Whether mild or severe, foot pain can affect your quality of life in multiple ways. When your feet hurt, you may struggle to exercise, leaving you susceptible to chronic diseases like diabetes and heart disease. Foot pain can also prevent you from working, especially if you have a laborious job that requires you to be on your feet. Unfortunately, more than three-quarters of the U.S. population suffers from foot pain, according to a study conducted by The American Podiatric Medical Association (APMA). If you suffer from foot pain, you should consider the seven following tips to get back on your feet.
#1) Say ‘No’ to Flip Flips
Unless you’re at the beach or lounging around your home, you should avoid wearing wearing flip flops. Due to their open design, they generally lack the support and stability to protect your feet from physical stress. Wearing flip flops occasionally probably won’t cause any immediate foot pain. If you wear them for eight or more hours a day, though, they’ll likely take a toll on your feet, resulting in pain and discomfort.
#2) Exercise Your Feet
Exercising your feet is an important step to protecting against foot pain. You might be surprised to learn that the human foot contains more than 100 muscles, tendons and other connective tissue. And like other muscles in the body, if you don’t regularly engage them, they’ll become weak. To protect against foot pain, perform feet exercises like the plantar fascia stretch. This involves kneeling on the floor and leaning backwards so that the tips of your toes press against the floor and stretch the plantar fascia.
#3) Maintain a Healthy Weight
People who are overweight or obese are more likely to experience foot pain than their counterparts who maintain a healthy weight. One study found that 51% of people with a higher-than-normal body mass index (BMI) reported their foot health as being either fair or poor, compared to 21% of people with a normal, healthy BMI. Being overweight is a leading cause of foot pain because of the increased weight it places on your feet. The more you weigh, the greater the force exerted upon your feet. Furthermore, people who are overweight or obese may develop gout in their feet — a condition characterized by the build or uric acid in the joints.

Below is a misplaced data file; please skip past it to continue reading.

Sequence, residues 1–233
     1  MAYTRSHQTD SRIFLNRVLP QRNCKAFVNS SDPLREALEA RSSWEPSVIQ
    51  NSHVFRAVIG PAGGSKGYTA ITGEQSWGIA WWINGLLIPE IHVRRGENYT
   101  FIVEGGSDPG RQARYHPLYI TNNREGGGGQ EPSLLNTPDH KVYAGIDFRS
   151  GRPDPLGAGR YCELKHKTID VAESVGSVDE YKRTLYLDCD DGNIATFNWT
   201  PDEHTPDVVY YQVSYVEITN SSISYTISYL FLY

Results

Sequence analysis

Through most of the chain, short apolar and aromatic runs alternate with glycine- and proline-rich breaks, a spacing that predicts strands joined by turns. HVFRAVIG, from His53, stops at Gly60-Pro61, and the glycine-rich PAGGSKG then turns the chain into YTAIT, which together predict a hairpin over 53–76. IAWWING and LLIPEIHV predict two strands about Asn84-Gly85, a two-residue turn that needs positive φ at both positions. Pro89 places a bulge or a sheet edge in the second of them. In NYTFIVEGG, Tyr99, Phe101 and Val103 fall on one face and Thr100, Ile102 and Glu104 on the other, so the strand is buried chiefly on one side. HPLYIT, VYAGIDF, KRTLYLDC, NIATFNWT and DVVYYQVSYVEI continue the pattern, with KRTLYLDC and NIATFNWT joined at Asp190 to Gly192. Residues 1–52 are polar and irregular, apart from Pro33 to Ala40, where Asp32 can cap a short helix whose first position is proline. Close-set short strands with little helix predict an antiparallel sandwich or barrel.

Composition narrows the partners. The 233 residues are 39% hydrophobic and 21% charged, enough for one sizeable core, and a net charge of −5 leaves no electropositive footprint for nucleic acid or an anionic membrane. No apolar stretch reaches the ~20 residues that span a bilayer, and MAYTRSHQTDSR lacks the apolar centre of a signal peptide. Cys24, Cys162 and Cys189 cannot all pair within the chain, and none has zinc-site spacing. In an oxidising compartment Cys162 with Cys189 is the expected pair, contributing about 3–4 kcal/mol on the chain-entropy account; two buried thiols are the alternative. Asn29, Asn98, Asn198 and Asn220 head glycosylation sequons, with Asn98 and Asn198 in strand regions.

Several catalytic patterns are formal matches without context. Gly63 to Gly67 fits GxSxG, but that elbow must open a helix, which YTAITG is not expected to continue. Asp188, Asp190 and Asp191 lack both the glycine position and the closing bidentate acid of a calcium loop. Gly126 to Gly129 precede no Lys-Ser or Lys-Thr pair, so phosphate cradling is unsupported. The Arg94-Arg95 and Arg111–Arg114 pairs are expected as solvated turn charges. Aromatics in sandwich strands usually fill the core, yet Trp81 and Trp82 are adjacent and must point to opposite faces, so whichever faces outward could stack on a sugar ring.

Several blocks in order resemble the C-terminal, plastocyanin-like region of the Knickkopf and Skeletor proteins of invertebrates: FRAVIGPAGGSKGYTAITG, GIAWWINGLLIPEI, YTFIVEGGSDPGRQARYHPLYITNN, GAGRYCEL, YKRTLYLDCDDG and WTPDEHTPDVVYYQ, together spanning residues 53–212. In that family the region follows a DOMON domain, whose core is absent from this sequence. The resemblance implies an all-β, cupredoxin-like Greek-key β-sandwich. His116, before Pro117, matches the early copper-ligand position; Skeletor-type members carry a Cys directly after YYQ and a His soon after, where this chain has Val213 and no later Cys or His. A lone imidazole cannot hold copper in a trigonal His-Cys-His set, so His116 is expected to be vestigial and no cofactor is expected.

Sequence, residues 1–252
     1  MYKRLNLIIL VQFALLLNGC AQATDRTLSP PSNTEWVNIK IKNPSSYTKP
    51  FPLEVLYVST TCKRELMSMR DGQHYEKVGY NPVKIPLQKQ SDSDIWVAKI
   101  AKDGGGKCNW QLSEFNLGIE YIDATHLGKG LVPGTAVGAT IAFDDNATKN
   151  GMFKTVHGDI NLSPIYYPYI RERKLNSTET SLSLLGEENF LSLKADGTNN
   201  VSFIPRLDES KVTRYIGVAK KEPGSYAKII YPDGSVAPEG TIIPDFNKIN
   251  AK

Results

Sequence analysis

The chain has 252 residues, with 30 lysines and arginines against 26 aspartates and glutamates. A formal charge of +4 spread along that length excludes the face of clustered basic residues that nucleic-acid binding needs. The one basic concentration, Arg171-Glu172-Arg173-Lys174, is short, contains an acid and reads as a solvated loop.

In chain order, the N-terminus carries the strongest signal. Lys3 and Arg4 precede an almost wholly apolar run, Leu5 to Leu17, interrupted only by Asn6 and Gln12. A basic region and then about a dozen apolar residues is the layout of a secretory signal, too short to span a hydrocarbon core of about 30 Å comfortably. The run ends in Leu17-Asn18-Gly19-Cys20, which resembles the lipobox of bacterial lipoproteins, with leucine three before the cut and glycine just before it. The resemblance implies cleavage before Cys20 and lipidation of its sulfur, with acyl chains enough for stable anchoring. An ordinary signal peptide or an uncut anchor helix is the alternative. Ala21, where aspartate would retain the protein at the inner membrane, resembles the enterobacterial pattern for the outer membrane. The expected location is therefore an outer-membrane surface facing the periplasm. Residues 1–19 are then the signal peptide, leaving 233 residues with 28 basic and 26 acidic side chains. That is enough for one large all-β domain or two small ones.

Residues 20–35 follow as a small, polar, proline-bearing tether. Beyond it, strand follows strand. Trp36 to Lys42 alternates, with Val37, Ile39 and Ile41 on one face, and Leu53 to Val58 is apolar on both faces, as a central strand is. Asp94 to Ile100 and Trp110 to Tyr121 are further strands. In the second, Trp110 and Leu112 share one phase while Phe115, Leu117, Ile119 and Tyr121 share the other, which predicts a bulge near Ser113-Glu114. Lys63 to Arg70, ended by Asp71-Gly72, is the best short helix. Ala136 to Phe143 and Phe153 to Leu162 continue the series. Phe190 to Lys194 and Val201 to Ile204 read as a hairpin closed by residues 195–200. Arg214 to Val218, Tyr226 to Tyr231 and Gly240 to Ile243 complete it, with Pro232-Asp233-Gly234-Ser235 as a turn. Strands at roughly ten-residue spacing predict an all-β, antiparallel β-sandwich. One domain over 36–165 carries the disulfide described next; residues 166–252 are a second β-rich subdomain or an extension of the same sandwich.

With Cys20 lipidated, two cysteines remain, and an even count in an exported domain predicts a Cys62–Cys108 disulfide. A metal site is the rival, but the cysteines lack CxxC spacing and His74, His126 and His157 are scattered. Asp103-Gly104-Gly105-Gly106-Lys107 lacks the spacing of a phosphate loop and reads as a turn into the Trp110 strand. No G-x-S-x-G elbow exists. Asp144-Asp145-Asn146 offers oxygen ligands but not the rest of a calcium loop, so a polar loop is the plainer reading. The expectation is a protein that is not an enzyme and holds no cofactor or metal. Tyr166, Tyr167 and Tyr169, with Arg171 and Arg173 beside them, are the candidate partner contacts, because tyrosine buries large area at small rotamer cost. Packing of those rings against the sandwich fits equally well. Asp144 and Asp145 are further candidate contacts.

#4) Replace Shoes
When was the last time that you purchased a new pair of shoes? Most experts recommend changing your shoes once they’ve seen 300 to 500 miles of usage. By this time, shoes tend to lose their ability to support your feet and ankles. Even if they feel comfortable, they could be causing or contributing to your foot pain. By replacing your shoes every 300 to 500 miles, you’ll promote healthier feet that are less susceptible to pain.
Here are some tips on how to choose comfortable shoes that won’t cause you pain:
- Choose shoes made of a lightweight material.
- Determine your arch type.
- Examine the soles of the shoes to see if they are strong and durable.
- Make sure you get the right size for your feet (consider both length and width).
- When shopping for shoes in person, take a few minutes to walk around the store in them.
#5) Evaluate Your Posture
Poor posture and foot pain go hand in hand. If you’re guilty of carrying yourself with bad posture, you may experience foot pain. This is because poor posture stresses your feet and their supporting structures, resulting in overworked muscles and/or inflammation in the joints. You can correct your posture, however, by making a few changes to the way in which you carry yourself. When walking or running, for example, step down on the balls of your feet so that they are supporting the bulk of your body’s weight. You should also stand upright while maintaining your spine’s natural shape.
#6) Give Yourself a Pedicure
Sometimes foot pain is the result of overgrown and/or ingrown toenails. An ingrown toenail occurs when a toenail grows sideways into the skin. Toenails normally grow outwards without causing any pain or discomfort. But there are times when a toenail may grow sideways, resulting in a painful condition known as an ingrown toenail. Instead of treating ingrown toenails after you develop them, you should work to prevent them by giving yourself a pedicure. Clipping and trimming your toenails at least once a week should protect you from this otherwise common foot condition.
#7) Wear Foot Levelers in Shoes
Adding foot levelers to your shoes will support your feet and protect them from painful overexertion. There are countless other orthotic companies that produce shoe inserts, but none compare to the quality of the foot levelers offered here at Atlanta Chrio and Wellness. We design our foot levelers specifically to meed the unique needs of our clients, meaning you’ll receive the perfect shoe insert to minimize stress and pressure on your feet.
If you suffer from foot pain, contact us today to learn more about our foot levelers and other orthopedic solutions.Share